Nothing Doing

By Robert Goldman

May 9, 2019 6 min read

I don't like to brag, but I am very busy. I am busy doing nothing, but it still counts. In fact, being busy doing nothing counts a lot more than being busy doing something.

If you doubt me, ask Olga Mecking.

Mecking is the author of "The Case for Doing Nothing," a recent article published in The New York Times.

The basic premise is that being busy has become a "status indicator." As in, "I'm so busy because I'm just so important."

But being busy does not make you important. It only makes you a target for "burnout, anxiety disorders and stress-related diseases."

This is not a problem in the Netherlands, in case you were wondering. In the Netherlands, being unbusy is a thing — a thing called niksen.

In case your Dutch is a little rusty, niksen means "to take conscious, considered time and energy to do activities like gazing out a window or sitting motionless."

(If you have not progressed sufficiently in your career to have a window, walk over to the nearest manager's office and look out their window. They're so busy with their niksen, they'll never notice you.)

Alas, we live in a society where an ability to do niksen is not really appreciated. When was the last time you were dinged in your annual review for not spending enough time doing nothing?

According to psychologist Sandi Mann, niksen helps generate creativity, but there is a catch: "Total idleness is required."

You may think that you're really good at doing nothing, but think of all the times a highly productive burst of idleness was spoiled by your cellphone ringing or your email dinging.

In other words, you have to work hard to do nothing, but following the following rules could help:

1. "Make time for doing nothing, and do it with purpose."

The idea here is to "figure out when you're most productive and creative, then notice when your mind starts to shut off."

Easy-peasy. You are most creative in the period between leaving home and arriving at the office. Your brain is bursting with reasons for you not to go into work. It's when you're walking through the company's front door that your mind shuts off. At this point, the experts say, "That's when you should go for a walk or take a break."

I like this idea. Consider a nice walk to The Kit Kat Club, where your unproductive buds are practicing their niksen over artisanal boilermakers. Just be sure to start back to work by 5 p.m. You want to take full advantage of your next creative burst, which is when your brain dreams up all sorts of ideas for never going back to work again.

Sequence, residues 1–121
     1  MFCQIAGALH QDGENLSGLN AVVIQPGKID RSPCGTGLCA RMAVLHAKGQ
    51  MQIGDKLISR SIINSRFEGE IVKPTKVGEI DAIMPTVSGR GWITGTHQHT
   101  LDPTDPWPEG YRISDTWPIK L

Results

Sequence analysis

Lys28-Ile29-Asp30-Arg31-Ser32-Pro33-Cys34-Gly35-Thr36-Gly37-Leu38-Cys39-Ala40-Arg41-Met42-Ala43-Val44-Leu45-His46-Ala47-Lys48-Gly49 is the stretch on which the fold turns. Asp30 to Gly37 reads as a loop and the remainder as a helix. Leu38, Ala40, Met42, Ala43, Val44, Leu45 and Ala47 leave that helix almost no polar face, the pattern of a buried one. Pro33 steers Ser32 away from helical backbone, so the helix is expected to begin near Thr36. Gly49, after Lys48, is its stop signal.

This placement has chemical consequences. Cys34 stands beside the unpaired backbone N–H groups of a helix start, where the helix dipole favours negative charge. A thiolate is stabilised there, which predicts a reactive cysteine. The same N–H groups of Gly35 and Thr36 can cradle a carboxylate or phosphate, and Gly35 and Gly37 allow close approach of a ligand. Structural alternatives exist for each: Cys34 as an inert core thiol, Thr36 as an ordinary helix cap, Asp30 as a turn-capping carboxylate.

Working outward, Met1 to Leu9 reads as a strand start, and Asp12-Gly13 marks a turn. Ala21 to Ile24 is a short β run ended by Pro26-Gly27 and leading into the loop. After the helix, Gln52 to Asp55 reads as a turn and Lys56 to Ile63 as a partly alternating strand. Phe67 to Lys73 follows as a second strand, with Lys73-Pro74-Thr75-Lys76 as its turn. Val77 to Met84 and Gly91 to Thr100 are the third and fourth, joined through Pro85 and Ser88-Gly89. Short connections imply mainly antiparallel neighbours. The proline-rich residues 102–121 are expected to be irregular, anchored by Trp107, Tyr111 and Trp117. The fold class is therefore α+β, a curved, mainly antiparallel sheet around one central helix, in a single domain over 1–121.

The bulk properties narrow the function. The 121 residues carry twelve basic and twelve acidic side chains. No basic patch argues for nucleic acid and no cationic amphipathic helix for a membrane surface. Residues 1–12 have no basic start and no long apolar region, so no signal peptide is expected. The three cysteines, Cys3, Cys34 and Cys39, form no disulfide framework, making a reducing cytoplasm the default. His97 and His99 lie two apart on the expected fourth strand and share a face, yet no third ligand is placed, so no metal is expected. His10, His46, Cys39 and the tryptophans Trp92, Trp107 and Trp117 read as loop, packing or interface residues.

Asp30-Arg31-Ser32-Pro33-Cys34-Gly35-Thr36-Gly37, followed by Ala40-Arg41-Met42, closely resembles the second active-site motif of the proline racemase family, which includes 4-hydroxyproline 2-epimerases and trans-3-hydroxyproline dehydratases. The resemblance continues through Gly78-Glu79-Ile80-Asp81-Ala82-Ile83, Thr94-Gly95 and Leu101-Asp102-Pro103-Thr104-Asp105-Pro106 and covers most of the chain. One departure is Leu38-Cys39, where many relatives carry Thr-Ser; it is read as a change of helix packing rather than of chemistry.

You are also advised to "prioritize the things that are important to you and the things that bring you pleasure, and outsource everything else."

Excellent idea! Your priorities are gossip, snacks and online shopping. Why not outsource the boring work stuff to a Third World country, like Nebraska? The people there will happily do your work for peanuts, freeing you up to do the kind of nothing that is sure to turbocharge your career.

2. "Resist the culture of busyness."

"If you're doing nothing, own it," is the advice here. "When someone asks you what you're doing during a nothing break, simply respond, 'Nothing.'"

Of course, if the someone asking is your manager — who has woken up from their idle hours to check on you — there is a better answer.

"Doing nothing," you say, adding, "but thinking about how much I admire you, boss."

(Be careful with this ploy. It probably won't work for longer than 20 years.)

3. "Reorganize your environment."

It is difficult to fully turn off when you're surrounded by unenlightened idiots running around being "productive."

That's why you are advised to "add a soft couch, a comfy armchair, a few cushions or just a blanket." This advice is for your home, but at work, it works even better.

If your work area is not large enough to hold all these niksen-friendly accoutrements, get rid of your computer, office chair and desk.

If you're still unable to detach from the destructive concept of doing something, psychologist Doreen Dodgen-Magee suggests you "host boredom parties, during which a host invites over a few friends to ... be bored together."

Make it easier on yourself by inviting the entire human resources department. They're already super boring, which means it won't take a lot of work for you to do absolutely nothing.

Bob Goldman was an advertising executive at a Fortune 500 company, but he finally wised up and opened Bob Goldman Financial Planning in Sausalito, California. He now works out of Bellingham, Washington. He offers a virtual shoulder to cry on at [email protected] To find out more about Bob Goldman, and read features by other Creators Syndicate writers and cartoonists, visit the Creators Syndicate website at

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